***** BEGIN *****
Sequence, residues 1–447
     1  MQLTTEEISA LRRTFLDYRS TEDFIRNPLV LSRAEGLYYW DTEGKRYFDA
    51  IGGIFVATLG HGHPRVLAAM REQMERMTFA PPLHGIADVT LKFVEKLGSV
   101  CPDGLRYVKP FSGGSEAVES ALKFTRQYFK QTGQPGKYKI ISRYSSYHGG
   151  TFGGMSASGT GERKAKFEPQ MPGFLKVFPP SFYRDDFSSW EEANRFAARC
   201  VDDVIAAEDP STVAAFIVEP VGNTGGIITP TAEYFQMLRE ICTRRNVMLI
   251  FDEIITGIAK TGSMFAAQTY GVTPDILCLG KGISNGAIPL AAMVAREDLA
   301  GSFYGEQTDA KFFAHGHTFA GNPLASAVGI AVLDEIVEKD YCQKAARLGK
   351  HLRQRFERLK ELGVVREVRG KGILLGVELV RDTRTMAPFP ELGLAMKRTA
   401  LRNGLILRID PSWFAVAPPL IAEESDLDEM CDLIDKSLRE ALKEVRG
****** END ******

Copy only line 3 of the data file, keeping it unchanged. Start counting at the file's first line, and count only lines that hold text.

    51  IGGIFVATLG HGHPRVLAAM REQMERMTFA PPLHGIADVT LKFVEKLGSV